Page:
Businesses that don’t qualify for traditional bank loans often turn to alternative forms of financing such as asset-based lending or invoice factoring. If you are considering pursuing either of these options, it’s important to understand the differences between them.
An asset-based loan is one in which you put up a piece of equipment your business owns as collateral in case you default on the loan. Invoice factoring is a means of gaining access to immediate cash by selling outstanding invoices to a factoring company that takes over collecting the face value. You do not receive the full face value during the transaction since the factoring company holds some of it back to cover its fees.
Approval Time Expectations
If you’re in a hurry for funds, you may want to consider invoice factoring over asset-based lending. The reason for this is that a factoring company typically only needs to confirm the value of the outstanding invoices you need to sell. When using a business asset as collateral, the lender must complete an audit that can take several days.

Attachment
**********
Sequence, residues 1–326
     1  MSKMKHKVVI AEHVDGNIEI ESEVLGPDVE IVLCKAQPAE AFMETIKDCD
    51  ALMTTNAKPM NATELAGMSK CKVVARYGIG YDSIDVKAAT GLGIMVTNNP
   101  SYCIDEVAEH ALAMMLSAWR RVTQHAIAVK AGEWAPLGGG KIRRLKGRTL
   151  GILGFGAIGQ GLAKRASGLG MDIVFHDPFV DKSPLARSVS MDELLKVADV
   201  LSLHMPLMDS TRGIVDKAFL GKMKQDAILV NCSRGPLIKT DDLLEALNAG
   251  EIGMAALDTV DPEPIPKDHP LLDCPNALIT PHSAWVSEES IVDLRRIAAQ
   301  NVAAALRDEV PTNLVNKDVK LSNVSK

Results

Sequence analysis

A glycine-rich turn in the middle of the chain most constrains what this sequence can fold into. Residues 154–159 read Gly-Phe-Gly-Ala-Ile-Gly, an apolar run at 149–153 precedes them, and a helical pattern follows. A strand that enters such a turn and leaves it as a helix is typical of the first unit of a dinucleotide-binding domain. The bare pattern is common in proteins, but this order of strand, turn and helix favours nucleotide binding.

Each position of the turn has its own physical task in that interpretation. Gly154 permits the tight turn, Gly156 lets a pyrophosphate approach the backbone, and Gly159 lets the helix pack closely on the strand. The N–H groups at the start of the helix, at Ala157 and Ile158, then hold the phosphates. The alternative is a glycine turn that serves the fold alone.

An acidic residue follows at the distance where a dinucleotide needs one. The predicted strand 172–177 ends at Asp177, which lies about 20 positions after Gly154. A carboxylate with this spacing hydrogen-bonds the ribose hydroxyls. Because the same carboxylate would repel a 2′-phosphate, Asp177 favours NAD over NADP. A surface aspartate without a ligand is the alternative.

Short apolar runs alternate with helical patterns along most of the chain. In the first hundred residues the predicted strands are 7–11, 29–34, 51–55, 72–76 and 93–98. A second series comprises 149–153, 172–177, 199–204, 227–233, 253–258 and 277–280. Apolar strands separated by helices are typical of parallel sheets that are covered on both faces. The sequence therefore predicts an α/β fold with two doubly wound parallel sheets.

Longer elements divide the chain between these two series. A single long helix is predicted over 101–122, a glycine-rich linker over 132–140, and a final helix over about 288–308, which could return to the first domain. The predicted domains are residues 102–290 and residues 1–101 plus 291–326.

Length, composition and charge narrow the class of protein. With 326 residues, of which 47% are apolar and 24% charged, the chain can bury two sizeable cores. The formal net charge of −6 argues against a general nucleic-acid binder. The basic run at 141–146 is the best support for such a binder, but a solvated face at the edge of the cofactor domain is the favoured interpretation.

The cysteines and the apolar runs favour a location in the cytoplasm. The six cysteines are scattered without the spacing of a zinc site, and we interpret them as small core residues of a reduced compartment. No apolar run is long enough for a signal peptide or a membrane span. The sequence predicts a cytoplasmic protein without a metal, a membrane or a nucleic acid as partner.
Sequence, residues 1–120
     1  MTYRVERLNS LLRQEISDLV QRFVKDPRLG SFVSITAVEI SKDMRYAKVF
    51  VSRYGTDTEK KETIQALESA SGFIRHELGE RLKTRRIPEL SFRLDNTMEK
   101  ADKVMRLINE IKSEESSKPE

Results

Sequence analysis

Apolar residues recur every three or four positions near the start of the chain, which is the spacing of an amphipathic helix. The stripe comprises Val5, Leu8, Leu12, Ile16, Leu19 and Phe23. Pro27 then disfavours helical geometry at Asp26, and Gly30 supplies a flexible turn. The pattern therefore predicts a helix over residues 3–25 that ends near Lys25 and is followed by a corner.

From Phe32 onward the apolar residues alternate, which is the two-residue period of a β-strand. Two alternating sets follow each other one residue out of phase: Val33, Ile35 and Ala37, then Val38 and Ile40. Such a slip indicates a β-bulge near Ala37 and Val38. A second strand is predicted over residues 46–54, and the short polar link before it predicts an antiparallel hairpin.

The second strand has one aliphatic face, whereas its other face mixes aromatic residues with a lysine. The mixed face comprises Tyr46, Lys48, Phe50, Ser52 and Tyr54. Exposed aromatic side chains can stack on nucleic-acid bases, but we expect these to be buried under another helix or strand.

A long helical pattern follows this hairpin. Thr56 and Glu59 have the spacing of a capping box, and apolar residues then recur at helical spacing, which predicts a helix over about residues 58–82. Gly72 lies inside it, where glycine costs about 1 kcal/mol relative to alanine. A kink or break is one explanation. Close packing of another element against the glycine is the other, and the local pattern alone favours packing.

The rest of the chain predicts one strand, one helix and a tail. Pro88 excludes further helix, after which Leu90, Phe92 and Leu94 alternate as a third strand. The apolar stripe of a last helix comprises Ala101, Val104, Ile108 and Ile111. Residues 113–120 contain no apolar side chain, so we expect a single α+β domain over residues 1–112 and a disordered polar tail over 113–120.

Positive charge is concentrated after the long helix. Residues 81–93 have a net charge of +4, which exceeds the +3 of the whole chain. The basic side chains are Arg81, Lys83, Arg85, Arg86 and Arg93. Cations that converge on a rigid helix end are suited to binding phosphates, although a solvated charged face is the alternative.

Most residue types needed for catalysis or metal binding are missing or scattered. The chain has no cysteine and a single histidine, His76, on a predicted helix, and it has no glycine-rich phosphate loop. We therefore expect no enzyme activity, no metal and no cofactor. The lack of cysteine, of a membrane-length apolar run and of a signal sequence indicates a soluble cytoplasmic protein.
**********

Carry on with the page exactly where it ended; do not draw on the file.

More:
If you choose to work with a factoring company, it will need to verify your accounts by contacting your customers directly. This lets your customers in on the fact that you are selling their outstanding invoices to a factoring company. While this may not bother you, some business owners are more private about finances and would prefer not to make this common knowledge.
With asset-based financing, little to no interaction takes place between your customers and the lender. That means they usually don’t know how you intend to fund transactions that concern them.
You may end up paying more to obtain a loan via invoice factoring since most companies charge interest every 30 days. Lenders dealing with asset-based loans typically charge an annual percentage rate that ranges between seven and 15 percent. On the other hand, you may have no assets to pledge as collateral if you have recently launched a start-up business.
A representative from Goldendale Capital is happy to meet with you to help you evaluate these and other business financing options.